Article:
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A recent event organised by Angus Buchan had over a million South Africans physically attend a day of prayer in Bloemfontein. The Majority of the attendees were Afrikaners negating the statement that only 30% of Afrikaners are religious. If estimations around church attendance are made the NG Kerk needs to be quoted, or the national census. Anything else might not add to the readers understanding of the topic and dilutes this article with opinions rather than facts, it would be better to not speculate around Afrikaner church attendance at all, and if it must, then the sources need to be able to stand up for themselves Dean
If this is true you must supply a reliable source to alter what is currently there. What you say here does not qualify as a reliable source. Please do not remove cited material without discussing here first. Roger 8 Roger (talk) 11:24, 15 September 2017 (UTC)
I checked the reference noted in the section I removed. Firstly it lies behind a members only wall, secondly it has nothing to do with church attendance or religious convictions among Afrikaners, but is simply a statement around Belhar's popularity. I am reverting back to my section with its references Dean
Dean, how do you know what the article says (or doesn't say) if it's behind a paywall? The title of the article itself is not indicative of everything covered in said article's context. --Katangais(talk) 14:28, 15 September 2017 (UTC)
I had to take a trail membership, the reference was complete rubish and reflected an automated opinion poll on a popular newspaper sight :) I encourage you to check it out yourself, it had no business being used at all Dean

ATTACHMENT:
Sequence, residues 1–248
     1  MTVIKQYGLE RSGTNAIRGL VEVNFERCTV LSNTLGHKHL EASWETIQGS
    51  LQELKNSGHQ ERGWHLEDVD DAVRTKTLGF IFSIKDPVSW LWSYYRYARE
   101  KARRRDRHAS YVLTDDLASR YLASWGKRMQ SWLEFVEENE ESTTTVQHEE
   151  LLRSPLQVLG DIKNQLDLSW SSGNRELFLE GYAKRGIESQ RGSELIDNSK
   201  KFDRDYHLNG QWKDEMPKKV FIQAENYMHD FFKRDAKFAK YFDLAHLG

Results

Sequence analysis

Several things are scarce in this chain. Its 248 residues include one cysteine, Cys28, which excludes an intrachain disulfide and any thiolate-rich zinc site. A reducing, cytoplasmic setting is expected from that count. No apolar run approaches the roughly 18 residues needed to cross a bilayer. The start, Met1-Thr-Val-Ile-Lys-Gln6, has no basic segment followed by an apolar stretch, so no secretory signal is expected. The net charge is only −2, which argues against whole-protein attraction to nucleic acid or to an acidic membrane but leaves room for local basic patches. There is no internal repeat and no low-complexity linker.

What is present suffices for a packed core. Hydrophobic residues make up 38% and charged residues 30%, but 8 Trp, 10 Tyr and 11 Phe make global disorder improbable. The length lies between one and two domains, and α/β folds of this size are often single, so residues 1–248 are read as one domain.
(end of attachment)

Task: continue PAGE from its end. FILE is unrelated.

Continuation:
Actually I do not see why the two statements could not coexist. Belhar prayer attendance is not the same as church attendance, and being religious or not is a different thing again. I guess we don't know much about the sampling in that 38% (not 30%) opinion poll, but that might be a subsequent discussion. --Pgallert (talk) 18:48, 16 September 2017 (UTC)
Agree with the sampling point, and it sounds like you are agreeing with my initial statement that if you are going to speak about church attendance the references need to be stellar, and probably only from the Three sister churches - on a different note, Belhar has to do with Protestant catechisms not prayer Dean
Neither the Netherlands nor Belgium offer working holiday opportunities to South Africans, and with the UK's immigration laws that also changed, none of the Commonwealth nations offer working holiday permits to South Africans any more. Maybe the section on Global presence be changed to reflect this?
United States, Canada and the United Kingdom?
The infobox on the current article is missing figures for the United States, Canada and the United Kingdom. Many South Africans emigrated to Australia and New Zealand, it wouldn't be much of a stretch to suggest that they also emigrated to other countries in the Anglosphere. 2601:8C:4102:1210:651A:285A:DAB:5AD5 (talk) 10:07, 26 August 2017 (UTC)
Yes, but the overwhelming majority of the South African emigrants to these countries are English-speaking (incidentally, white English speakers are also very disproportionately represented among South African emigrants in general). Granted, a number are also Afrikaners, but it gets more confusing when you remember that many white Saffies speak both English and Afrikaans, and are likely to list the two languages as languages they speak on census documents. Unless the local census collects specific data on the number of those white Saffie immigrants to the US/Canada/UK that explicitly identify as "Afrikaners", or explicitly state their first language/mother tongue as Afrikaans, there is no way to determine how many Afrikaners are actually residing in these countries. --Katangais(talk) 20:31, 26 August 2017 (UTC)